When I first saw Mirrorweave, I thought, "Which creatures do I want to have a lot of? Which creatures get better the more copies of them I have in play?" There are numerous answers to this, but it didn't take me long to hit upon "lords." Cards like Elvish Champion and Imperious Perfect that pump up creatures of a certain type and are that type (that type being Elves, in this case) are great templates for Mirrorweave's super-cloning. For starters, it's not uncommon to have a handful of Elves and an Elf "lord" in play. It's easier than ever now that we can make Elf tokens using a variety of means. Imagine for a minute that you played a Llanowar Elf into Imperious Perfect into Hunting Triad on your first three turns. If you then Mirrorweave them all into Imperious Perfect, you'll have five 2/2's that get +4/+4, giving you a whopping 30 points of power on the table. If you replace the Perfects with Elvish Champion, your creatures will also get +1/+1 for each creature your opponent controls (since the Champions boost all Elves, not just your Elves).

I don't want to get too hung up on Elves, even though I clearly have an out-of-control Elf addiction. I would be remiss if didn't mention some other "lords" that are actually on-colour, namely Lord of Atlantis and Merrow Reejerey. It's not too tough these days to make a lot of Merfolk tokens. Summon the School does the job well and it does it repeatedly. Pretend you've played Summon the School twice and that you have a single Reejerey in play. Not only will you be able to turn everything into Reejereys, but just imagine what you can do with that many Reejereys in play! Every time you play a Merfolk spell, you'll be able to tap or untap five freakin' permanents (or the same permanent five times)! Seems good to me. Copying other creatures in the Merfolk deck seem just as exciting. Imagine having five copies of Judge of Currents, Fallowsage, or even Merfolk Looter in play.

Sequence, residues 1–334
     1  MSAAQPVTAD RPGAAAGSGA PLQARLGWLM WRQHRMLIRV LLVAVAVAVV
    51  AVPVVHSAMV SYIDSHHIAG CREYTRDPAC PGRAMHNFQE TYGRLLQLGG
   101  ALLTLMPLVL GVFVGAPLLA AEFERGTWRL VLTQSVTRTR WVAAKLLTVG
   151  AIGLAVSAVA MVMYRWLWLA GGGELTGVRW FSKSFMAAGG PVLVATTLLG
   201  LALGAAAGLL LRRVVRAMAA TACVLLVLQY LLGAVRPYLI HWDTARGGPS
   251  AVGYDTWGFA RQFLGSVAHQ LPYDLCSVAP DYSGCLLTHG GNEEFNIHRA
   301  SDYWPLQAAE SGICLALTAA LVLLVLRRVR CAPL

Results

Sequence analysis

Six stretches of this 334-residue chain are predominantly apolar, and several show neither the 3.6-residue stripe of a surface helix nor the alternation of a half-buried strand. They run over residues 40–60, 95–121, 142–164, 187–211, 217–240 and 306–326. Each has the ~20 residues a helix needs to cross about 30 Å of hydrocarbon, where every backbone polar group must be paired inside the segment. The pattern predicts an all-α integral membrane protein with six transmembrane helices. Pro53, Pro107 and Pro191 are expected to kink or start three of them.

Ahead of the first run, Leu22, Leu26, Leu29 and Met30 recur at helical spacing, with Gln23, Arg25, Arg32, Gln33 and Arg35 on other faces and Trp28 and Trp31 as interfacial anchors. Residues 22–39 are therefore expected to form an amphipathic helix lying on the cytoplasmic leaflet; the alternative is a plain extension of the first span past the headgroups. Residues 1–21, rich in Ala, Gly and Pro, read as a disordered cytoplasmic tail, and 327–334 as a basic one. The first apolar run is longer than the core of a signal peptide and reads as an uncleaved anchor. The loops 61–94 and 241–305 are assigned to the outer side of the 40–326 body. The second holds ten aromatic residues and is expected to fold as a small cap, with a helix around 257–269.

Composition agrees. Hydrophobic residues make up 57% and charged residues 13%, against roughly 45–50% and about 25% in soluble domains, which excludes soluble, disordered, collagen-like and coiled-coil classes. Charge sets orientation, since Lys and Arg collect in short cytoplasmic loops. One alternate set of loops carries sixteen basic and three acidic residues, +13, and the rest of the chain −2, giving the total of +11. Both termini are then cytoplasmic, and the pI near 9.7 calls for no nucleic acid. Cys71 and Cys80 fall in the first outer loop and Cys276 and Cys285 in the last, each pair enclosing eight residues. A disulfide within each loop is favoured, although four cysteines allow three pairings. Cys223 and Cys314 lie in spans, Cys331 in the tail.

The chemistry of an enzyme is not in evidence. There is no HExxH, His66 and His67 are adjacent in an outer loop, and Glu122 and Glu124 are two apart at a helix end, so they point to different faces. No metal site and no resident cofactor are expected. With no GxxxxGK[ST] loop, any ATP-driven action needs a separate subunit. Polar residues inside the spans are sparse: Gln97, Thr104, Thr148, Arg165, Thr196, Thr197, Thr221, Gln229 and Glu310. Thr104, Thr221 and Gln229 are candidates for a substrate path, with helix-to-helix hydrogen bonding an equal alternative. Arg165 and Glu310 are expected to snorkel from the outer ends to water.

Meanwhile, Mirrorweaving a Timber Protector can provide a nice foil for mass removal (more on that later), while multiple Sunrise Sovereign give you a little extra boost and promise to end the game quickly. While not "lords" exactly, any of the power and toughness-enhancing Slivers make nice targets for Mirrorweave, although, like Elvish Champion and Lord of Atlantis, your Sinew Sliver, Muscle Sliver, Blade Sliver, Bonesplitter Sliver, and Might Sliver will pump (and get pumped by) your opponent's creatures. Furthermore, Slivers with combat-based triggered abilities (Essence Sliver, Brood Sliver, or Synapse Sliver) are fine Mirrorweave targets since their triggered abilities are cumulative. For example, if you control four Essence Sliver, each one will have four instances of lifelink and will therefore gain you twelve life per Sliver per combat. Each Brood Sliver would produce four Sliver tokens and each Synapse Sliver would draw you four cards, given the same number of starting Slivers. Sweet! Greatbow Doyen is a more recent "lord" that both pumps up others of its kind and has a nifty triggered ability that becomes devastating when each creature you control has multiple instances of it. As always, you'll have to be careful with your Mirrorweave, lest it backfire horribly.